Finding Common Ground

Let His Light Shine Before We Even Say His Name

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“I have become all things to all people so that by all possible means I might save some,” (1 Corinthians 9:22).

When reading the epistles, it is easy to see that Paul was an effective and dynamic preacher. Although he was not always fit for spreading the gospel, once he learned that God had chosen him to preach to every nation, tribe, tongue, and people, he changed his perspective and conformed it to God’s will. He then demonstrated that he could persuade and motivate Romans, Greeks, and Jews alike. His logic was sound and his emotional appeal was powerful. However, what made him most effective was his ability to find common ground with people so that he could bring them to Christ.

We could learn a lot from Paul, because God too has called us to reach and minister to the world around us; to the world that extends far beyond the walls of our church that hosts people from all walks of life. If we look closer at the key to Paul’s success in reaching people, we will see that he welcomed the opportunities God gave him, and then went beyond superficial contact. For example, when Paul became shipwrecked in Acts 27, he first comforted and encouraged the sailors that were with him. “Now I urge you to take some food. You need it to survive. Not one of you will lose a single hair from his head,” (Acts 27:34). Then, “after he said this, he took some bread and gave thanks to God in front of them all. Then he broke it and began to eat. They were all encouraged and ate some food themselves,” (Acts 27:35-36). Here we can see that he acknowledged the current state they were in first, before he even mentioned God. As a result, they were encouraged.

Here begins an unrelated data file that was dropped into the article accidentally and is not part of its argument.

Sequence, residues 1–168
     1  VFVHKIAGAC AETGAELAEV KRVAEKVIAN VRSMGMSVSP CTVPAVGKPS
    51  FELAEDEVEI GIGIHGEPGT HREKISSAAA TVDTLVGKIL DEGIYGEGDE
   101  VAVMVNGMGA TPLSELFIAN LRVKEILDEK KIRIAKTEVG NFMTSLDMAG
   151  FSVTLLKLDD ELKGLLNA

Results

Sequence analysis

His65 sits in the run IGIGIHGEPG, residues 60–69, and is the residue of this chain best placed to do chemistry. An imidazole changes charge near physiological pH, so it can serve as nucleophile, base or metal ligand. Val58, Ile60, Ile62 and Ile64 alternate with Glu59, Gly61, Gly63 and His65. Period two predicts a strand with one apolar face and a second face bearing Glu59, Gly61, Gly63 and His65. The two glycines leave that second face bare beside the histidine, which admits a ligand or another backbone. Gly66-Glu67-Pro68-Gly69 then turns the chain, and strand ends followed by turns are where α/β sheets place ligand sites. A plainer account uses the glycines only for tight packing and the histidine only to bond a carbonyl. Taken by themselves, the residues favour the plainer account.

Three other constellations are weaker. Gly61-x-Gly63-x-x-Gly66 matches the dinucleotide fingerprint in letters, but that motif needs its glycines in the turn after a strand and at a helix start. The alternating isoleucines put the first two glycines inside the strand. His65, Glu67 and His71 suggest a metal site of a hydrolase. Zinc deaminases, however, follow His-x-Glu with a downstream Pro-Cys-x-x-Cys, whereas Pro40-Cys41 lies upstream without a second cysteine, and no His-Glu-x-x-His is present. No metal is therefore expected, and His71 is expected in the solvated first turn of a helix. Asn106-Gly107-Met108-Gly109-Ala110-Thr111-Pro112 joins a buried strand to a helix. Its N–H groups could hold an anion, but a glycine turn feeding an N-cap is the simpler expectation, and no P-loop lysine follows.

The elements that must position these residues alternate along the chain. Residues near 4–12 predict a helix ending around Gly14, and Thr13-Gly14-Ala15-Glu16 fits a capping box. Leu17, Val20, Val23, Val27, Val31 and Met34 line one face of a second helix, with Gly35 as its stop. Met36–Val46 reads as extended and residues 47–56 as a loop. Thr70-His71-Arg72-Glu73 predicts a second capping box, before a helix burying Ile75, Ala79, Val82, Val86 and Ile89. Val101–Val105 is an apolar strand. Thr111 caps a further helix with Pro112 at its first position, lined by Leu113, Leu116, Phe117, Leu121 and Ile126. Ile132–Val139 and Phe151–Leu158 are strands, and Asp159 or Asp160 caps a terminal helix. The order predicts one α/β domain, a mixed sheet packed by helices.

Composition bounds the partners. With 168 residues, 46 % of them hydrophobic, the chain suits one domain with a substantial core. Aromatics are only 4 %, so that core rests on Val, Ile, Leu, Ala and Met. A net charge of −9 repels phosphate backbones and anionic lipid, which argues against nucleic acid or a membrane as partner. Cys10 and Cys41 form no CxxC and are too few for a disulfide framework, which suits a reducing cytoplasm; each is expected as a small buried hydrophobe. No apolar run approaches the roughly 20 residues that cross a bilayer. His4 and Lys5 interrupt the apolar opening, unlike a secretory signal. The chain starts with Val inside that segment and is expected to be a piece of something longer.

We, too, can imitate this approach and can prepare ourselves to find commonalities with whoever we encounter. Before we begin to share the good news, we should consider exploring the needs, concerns, likes, and dislikes of people first. Additionally, and most significantly, we need to take into account and show respect for people’s customs and cultural differences. In a world that is heavily divided, Paul is showing us that we can bridge the gaps that divide us by letting God’s greatest command, to love one another, be at the core of our actions, and allow Jesus to shine through our attentiveness and flexibility.

Moving forward, I pray that God will help us embrace this concept and give us opportunities to reach different people the way Paul did. May we become spiritual chameleons that do not conform to the ways of the world, but comply with what Jesus tells us in Matthew 5:16: “In the same way, let your light shine before others, that they may see your good deeds and glorify your Father in heaven.” May we also remember what Titus 2:11 says, “for the grace of God has appeared that offers salvation to all people.”

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